The tweets weren’t exactly the “we’re working overtime to safeguard our elections” talk one might expect from a chief elections official.
Allowing an ineligible voter to cast a ballot cancels out the vote of a legal voter, effectually erasing that legal voter’s vote. The outcome is the same as if the legal voter had been physically blocked from entering the polling place. This is unacceptable.
The Heritage Foundation released a new edition of its voter fraud database. The database documents 1,071 instances of voter fraud spanning 47 states, including 938 criminal convictions.
Instead of arguing whether voter fraud was real, the commissioners focused on how to prevent voter fraud, verifying voter rolls to ensure only eligible voters are registered, increasing funding for new voting machines, and ways to increase voter participation.
One tool at the commission’s disposal is a database that compiles 1,071 cases of proven instances of voter fraud across the United States, the bulk of them prosecuted since 2000. Of those cases, 938 ended in a criminal conviction.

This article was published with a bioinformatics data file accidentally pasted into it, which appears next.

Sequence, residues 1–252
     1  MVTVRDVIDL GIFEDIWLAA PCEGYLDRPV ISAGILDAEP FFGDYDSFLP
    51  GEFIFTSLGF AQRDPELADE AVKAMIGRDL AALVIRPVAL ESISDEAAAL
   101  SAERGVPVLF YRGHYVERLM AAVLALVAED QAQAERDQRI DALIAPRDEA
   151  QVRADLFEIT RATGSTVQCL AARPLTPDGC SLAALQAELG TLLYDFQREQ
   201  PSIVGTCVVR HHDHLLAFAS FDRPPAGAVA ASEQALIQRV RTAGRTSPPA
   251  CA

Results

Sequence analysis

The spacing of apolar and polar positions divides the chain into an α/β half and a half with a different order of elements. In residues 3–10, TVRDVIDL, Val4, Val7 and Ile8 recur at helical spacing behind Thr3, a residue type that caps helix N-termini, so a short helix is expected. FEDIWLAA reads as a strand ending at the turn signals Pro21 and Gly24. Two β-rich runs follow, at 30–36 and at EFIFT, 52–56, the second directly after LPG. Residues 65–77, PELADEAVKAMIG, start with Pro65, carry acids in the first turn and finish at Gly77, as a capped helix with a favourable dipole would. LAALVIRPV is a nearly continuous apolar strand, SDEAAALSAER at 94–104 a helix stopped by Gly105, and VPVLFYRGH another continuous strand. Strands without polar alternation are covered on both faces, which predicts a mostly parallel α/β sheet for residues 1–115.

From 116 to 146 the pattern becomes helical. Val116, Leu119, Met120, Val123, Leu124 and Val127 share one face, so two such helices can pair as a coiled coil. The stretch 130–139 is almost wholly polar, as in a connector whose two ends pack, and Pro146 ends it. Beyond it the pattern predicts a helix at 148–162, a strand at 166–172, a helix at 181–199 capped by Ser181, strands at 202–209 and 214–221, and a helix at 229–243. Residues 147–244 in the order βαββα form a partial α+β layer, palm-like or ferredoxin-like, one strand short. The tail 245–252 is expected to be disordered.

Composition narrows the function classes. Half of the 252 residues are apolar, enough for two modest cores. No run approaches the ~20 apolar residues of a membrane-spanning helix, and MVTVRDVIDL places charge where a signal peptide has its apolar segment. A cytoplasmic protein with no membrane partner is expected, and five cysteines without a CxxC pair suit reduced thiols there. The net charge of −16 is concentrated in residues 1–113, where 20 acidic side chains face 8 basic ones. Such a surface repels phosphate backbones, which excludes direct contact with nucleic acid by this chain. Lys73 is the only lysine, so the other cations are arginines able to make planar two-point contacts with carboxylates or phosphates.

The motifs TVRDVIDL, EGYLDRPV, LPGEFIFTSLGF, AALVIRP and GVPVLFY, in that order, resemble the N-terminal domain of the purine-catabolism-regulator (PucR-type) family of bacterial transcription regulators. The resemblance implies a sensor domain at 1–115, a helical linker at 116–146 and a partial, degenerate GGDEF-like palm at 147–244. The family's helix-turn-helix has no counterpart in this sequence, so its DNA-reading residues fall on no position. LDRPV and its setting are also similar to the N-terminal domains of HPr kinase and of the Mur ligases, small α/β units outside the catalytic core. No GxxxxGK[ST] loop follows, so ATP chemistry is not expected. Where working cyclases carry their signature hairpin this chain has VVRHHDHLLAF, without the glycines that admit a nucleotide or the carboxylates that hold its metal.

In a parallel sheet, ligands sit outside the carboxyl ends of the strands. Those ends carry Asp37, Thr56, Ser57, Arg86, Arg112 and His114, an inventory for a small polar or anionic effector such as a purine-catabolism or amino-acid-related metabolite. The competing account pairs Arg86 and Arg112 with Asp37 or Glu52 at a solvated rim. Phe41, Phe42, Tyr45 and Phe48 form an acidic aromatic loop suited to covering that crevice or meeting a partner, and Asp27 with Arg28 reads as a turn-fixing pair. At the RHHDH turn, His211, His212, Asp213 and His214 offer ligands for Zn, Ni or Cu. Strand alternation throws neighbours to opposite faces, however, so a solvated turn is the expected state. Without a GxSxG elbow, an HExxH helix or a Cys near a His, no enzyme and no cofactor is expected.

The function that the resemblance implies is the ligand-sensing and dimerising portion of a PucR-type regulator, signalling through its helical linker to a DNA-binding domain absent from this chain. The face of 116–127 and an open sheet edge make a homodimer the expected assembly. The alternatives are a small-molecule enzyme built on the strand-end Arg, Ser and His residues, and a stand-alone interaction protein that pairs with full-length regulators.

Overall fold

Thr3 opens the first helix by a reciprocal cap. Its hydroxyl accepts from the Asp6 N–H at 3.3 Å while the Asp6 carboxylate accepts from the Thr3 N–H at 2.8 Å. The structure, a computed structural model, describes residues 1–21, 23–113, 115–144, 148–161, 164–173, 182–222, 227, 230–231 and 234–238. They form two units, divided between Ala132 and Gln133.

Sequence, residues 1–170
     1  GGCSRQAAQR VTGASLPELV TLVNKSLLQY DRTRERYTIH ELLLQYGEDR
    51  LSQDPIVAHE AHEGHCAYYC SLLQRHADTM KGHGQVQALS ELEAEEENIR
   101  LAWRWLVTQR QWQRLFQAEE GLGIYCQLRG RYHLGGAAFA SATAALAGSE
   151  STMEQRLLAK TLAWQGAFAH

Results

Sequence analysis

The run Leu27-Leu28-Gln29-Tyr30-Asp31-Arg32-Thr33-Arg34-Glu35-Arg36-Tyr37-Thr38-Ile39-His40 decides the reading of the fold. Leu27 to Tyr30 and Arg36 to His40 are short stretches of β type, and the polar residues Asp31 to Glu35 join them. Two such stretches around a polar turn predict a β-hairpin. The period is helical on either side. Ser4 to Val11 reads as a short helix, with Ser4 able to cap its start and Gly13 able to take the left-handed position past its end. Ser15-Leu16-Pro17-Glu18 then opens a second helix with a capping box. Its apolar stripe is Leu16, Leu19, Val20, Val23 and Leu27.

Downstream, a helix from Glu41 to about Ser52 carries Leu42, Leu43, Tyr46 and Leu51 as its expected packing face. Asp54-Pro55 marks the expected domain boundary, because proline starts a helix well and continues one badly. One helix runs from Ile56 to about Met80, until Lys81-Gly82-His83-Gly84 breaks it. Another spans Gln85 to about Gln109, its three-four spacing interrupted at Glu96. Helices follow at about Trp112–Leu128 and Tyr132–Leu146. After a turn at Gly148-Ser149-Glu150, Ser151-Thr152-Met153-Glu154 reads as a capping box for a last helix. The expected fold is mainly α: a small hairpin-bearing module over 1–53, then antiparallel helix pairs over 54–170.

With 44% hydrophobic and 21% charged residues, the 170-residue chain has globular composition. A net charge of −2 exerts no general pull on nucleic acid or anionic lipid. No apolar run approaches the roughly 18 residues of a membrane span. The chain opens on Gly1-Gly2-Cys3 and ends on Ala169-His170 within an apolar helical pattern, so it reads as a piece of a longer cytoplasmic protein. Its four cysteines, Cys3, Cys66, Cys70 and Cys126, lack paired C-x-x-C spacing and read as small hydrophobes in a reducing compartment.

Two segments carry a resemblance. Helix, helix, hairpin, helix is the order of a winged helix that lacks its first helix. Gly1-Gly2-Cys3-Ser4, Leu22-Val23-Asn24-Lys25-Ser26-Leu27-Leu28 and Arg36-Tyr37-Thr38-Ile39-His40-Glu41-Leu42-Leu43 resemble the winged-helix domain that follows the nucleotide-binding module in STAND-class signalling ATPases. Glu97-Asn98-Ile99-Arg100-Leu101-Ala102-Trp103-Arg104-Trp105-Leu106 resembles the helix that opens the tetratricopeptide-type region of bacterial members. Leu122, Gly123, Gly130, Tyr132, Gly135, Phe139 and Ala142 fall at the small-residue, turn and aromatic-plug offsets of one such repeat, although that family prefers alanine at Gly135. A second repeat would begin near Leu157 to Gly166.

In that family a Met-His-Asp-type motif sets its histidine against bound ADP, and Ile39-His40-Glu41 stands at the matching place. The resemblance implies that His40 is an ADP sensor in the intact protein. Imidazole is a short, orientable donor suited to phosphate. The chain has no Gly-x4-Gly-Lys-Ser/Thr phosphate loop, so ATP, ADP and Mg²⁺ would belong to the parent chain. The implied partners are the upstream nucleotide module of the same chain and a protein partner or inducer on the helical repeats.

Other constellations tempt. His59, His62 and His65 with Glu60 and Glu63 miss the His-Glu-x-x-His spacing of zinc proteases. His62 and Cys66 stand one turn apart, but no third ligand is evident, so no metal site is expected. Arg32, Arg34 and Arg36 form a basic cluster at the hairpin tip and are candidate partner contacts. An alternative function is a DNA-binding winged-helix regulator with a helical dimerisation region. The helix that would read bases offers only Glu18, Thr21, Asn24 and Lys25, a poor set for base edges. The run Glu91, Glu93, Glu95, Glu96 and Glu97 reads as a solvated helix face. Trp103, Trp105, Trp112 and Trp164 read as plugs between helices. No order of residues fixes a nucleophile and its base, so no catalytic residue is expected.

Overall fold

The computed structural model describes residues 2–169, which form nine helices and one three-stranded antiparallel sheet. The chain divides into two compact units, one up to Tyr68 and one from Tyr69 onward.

An elections commission set up by President Donald Trump has garnered opposition from states such as Vermont, but the Democrat founder of a national, nonpartisan elections watchdog group says voter fraud — especially regarding the use of absentee ballots — is a serious problem that needs to be investigated.
An odd assortment of states are taking varying positions on whether to cooperate with the Trump administration’s investigation into potential voter fraud.
Secretary of State Jim Condos on Monday said he is weighing all options to resist a bipartisan federal commission formed to investigate voter fraud.
Rhode Island Secretary of State Nellie Gorbea conducted an audit of the state’s voter registry and identified some 150,000 non-Rhode Islanders registered to vote in the state.